Francis Fukuyama is one of America's most provocative social
analysts. His much-discussed 1989 essay, "The End of History,"
declared that the collapse of Soviet communism eliminated
conflict as the engine of historical change. The ultimate stage in
human history had been reached. Market capitalism had triumphed, and
democratic values were spreading inexorably across the globe.
Fukuyama, a freethinking neoconservative who teaches public
at George Mason University, has since admitted that liberal
is far from universal and that the dynamics of historical change
remain more problematic than he had earlier assumed. Yet he remains
audacious in his analysis of the social scene.
In "The Great Disruption," he announces that the fractious
individualism spawned during the 1960s is coming to an end - and
Fukuyama contends that beginning in the mid-1960s a wave of
disruptive values washed across Western civilization. Individualism
asserted itself over community needs; personal rights and freedoms
triumphed over familial and social responsibilities. The result was
a "great disruption," a seismic shift in the fragile balance
maintaining social order.
This breakdown, he asserts, occurred in many countries, and can be
statistically demonstrated in trends related to crime, fatherless
children, public trust, and other social activities.
THE GREAT DISRUPTION:
HUMAN NATURE AND THE
By Francis Fukuyama
354 pp., $26
True to the sweeping nature of his argument, Fukuyama marshals an
impressive array of data from over a dozen countries to bolster his
broad thesis. He demonstrates that in the last 50 years, every major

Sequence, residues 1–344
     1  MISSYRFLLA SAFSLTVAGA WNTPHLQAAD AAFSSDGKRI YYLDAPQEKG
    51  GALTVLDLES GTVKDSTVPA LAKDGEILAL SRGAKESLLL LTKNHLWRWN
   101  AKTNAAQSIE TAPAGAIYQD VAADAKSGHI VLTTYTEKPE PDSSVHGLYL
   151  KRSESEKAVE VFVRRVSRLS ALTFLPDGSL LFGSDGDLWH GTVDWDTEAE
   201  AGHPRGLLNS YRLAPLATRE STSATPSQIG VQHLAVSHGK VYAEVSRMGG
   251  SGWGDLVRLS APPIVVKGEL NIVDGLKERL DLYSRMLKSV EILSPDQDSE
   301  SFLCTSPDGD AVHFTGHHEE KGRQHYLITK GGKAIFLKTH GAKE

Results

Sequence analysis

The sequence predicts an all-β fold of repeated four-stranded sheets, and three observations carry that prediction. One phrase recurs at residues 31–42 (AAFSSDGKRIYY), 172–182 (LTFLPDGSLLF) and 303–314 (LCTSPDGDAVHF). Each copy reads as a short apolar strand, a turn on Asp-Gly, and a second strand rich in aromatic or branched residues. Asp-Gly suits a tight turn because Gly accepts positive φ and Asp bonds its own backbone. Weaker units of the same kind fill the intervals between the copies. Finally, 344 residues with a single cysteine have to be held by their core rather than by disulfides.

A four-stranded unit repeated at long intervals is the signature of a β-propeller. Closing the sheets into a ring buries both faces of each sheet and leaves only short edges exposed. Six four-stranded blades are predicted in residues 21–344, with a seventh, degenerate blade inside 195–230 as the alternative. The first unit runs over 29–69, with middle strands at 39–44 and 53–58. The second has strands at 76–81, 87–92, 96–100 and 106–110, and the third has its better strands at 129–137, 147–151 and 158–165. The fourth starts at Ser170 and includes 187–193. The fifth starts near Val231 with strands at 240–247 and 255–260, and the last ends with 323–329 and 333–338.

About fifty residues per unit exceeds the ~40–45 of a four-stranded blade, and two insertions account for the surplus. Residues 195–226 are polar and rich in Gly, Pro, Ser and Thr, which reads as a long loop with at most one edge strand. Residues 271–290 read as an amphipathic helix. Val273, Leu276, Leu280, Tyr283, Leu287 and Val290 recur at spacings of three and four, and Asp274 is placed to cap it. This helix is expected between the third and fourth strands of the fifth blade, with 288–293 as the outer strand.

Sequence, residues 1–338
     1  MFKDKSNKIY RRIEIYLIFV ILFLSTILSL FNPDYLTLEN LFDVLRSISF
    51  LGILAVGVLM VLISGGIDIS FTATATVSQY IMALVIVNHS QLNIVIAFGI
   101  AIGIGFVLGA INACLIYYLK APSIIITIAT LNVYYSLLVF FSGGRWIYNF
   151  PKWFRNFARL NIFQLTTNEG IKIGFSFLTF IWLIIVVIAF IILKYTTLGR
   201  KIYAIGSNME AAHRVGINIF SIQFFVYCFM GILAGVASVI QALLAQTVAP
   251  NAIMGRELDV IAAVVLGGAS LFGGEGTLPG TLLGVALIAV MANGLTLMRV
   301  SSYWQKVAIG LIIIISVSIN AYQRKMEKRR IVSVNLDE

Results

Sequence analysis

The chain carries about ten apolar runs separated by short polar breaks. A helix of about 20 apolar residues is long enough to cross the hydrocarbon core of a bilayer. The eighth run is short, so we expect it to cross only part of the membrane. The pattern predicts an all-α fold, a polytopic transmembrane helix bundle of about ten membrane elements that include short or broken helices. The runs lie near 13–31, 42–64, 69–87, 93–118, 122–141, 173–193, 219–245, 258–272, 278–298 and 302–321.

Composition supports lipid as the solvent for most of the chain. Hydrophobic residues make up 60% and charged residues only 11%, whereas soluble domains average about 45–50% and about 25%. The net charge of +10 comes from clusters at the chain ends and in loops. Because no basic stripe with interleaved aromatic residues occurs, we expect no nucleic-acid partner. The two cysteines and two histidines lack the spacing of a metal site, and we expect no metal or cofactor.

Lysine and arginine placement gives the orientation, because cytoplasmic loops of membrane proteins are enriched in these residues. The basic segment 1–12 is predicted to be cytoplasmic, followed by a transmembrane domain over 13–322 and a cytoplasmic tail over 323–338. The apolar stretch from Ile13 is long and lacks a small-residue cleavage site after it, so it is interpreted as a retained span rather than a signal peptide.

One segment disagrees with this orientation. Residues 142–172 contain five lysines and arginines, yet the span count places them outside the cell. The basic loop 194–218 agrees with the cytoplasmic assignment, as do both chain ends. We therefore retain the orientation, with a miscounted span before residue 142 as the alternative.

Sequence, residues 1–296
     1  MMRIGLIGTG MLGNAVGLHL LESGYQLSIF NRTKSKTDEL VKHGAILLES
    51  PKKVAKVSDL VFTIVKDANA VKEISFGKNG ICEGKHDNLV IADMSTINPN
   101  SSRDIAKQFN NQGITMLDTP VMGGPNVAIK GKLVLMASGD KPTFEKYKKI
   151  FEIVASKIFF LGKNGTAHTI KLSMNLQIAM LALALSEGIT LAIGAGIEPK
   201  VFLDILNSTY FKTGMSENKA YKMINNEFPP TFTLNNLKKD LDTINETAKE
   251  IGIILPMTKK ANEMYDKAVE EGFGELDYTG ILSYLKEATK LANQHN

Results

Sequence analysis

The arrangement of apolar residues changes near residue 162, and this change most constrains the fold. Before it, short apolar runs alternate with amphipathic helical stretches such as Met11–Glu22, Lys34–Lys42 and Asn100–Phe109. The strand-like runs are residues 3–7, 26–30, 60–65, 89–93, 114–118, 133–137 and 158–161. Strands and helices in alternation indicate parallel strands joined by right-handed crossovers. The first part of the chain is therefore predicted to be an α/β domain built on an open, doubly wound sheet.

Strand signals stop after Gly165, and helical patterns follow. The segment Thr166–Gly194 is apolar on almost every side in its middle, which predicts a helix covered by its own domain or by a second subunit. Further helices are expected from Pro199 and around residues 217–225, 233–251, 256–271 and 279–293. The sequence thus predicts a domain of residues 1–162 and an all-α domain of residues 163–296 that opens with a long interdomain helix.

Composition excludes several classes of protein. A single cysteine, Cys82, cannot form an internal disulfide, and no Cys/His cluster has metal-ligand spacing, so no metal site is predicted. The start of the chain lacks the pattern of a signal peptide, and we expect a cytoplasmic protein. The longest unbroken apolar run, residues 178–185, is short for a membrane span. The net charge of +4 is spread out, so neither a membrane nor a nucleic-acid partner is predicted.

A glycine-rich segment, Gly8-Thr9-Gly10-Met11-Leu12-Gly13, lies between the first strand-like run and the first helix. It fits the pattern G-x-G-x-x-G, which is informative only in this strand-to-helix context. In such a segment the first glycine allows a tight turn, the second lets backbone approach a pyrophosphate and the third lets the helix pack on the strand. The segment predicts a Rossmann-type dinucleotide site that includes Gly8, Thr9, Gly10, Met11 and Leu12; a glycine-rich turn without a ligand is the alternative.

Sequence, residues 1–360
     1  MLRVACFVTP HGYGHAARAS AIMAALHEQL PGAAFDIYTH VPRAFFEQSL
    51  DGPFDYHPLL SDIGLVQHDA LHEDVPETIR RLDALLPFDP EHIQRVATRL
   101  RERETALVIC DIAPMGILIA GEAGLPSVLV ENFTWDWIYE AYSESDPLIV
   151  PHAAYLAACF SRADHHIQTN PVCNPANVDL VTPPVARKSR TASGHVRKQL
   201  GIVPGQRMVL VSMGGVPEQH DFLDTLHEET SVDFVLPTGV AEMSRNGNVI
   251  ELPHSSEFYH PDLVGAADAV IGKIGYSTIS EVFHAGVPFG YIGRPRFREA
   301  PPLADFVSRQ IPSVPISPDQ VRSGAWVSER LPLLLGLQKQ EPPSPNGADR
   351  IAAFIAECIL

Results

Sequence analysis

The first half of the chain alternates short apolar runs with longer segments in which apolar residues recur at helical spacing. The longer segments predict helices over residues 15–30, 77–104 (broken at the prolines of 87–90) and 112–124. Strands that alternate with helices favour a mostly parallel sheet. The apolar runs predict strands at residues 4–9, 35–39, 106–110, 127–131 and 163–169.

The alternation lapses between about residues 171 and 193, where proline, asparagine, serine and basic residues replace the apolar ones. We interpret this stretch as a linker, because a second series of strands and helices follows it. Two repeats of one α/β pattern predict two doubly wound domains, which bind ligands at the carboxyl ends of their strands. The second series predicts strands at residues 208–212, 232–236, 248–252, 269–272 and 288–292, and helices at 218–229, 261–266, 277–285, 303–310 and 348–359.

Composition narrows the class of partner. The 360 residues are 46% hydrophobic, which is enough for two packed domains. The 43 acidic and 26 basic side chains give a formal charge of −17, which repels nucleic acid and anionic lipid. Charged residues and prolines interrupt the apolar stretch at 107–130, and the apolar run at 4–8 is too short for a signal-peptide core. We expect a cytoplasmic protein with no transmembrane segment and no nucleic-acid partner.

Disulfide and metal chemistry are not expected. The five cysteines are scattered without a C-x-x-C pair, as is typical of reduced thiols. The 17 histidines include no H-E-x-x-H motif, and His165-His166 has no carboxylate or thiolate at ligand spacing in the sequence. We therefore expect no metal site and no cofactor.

Western democracy has witnessed sharp increases in crime, dramatic
declines in family stability, and the erosion of trust in core
Fukuyama then systematically considers and dismisses as incomplete
the most prominent explanations for this "great disruption" -
poverty and social inequality, the anarchic excesses of the
counterculture, mistaken government welfare policies, the decline of
conventional religious belief.
His own cross-cultural analysis leads him to fasten on two
interrelated factors that have affected developments in all Western
democracies: the emergence of an information-based economy and the
reverberating implications of the birth-control pill. He emphasizes
that the rise of excessive individualism resulted primarily from
technological and economic factors "that are products of the
capitalist economy conservatives celebrate."
By elevating mental work over physical labor, the knowledge
revolution eliminated most of the stable blue-collar jobs upon which
postwar American society was based. It also has thrust millions of
women into the workforce and thereby undermined traditional family
roles by freeing many men from their economic responsibilities. …